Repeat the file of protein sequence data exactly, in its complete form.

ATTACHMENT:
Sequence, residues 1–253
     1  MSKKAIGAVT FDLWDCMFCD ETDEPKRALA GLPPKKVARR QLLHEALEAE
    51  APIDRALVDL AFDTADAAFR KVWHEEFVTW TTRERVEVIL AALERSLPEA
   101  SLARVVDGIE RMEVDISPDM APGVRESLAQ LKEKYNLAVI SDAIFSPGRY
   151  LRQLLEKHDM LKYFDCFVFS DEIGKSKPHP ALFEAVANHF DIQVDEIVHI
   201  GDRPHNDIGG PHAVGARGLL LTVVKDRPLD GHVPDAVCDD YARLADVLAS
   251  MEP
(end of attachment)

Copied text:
Sequence, residues 1–253
     1  MSKKAIGAVT FDLWDCMFCD ETDEPKRALA GLPPKKVARR QLLHEALEAE
    51  APIDRALVDL AFDTADAAFR KVWHEEFVTW TTRERVEVIL AALERSLPEA
   101  SLARVVDGIE RMEVDISPDM APGVRESLAQ LKEKYNLAVI SDAIFSPGRY
   151  LRQLLEKHDM LKYFDCFVFS DEIGKSKPHP ALFEAVANHF DIQVDEIVHI
   201  GDRPHNDIGG PHAVGARGLL LTVVKDRPLD GHVPDAVCDD YARLADVLAS
   251  MEP